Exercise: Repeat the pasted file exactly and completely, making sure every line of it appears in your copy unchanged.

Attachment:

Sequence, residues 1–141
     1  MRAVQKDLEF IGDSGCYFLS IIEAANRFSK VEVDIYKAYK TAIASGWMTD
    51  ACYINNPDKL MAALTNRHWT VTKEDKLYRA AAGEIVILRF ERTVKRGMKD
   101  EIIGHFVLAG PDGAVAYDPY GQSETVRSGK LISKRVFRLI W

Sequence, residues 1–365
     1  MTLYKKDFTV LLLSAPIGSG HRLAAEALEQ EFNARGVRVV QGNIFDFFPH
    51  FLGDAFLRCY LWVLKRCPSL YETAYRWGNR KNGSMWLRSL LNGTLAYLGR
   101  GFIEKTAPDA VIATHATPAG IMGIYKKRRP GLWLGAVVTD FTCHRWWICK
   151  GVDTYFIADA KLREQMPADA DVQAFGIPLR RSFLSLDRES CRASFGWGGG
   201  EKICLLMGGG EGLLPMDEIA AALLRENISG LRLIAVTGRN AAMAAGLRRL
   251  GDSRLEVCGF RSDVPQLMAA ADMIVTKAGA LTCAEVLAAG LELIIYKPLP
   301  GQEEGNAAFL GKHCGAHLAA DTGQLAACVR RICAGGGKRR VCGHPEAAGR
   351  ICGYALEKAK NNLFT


Sequence, residues 1–141
     1  MRAVQKDLEF IGDSGCYFLS IIEAANRFSK VEVDIYKAYK TAIASGWMTD
    51  ACYINNPDKL MAALTNRHWT VTKEDKLYRA AAGEIVILRF ERTVKRGMKD
   101  EIIGHFVLAG PDGAVAYDPY GQSETVRSGK LISKRVFRLI W

Sequence, residues 1–365
     1  MTLYKKDFTV LLLSAPIGSG HRLAAEALEQ EFNARGVRVV QGNIFDFFPH
    51  FLGDAFLRCY LWVLKRCPSL YETAYRWGNR KNGSMWLRSL LNGTLAYLGR
   101  GFIEKTAPDA VIATHATPAG IMGIYKKRRP GLWLGAVVTD FTCHRWWICK
   151  GVDTYFIADA KLREQMPADA DVQAFGIPLR RSFLSLDRES CRASFGWGGG
   201  EKICLLMGGG EGLLPMDEIA AALLRENISG LRLIAVTGRN AAMAAGLRRL
   251  GDSRLEVCGF RSDVPQLMAA ADMIVTKAGA LTCAEVLAAG LELIIYKPLP
   301  GQEEGNAAFL GKHCGAHLAA DTGQLAACVR RICAGGGKRR VCGHPEAAGR
   351  ICGYALEKAK NNLFT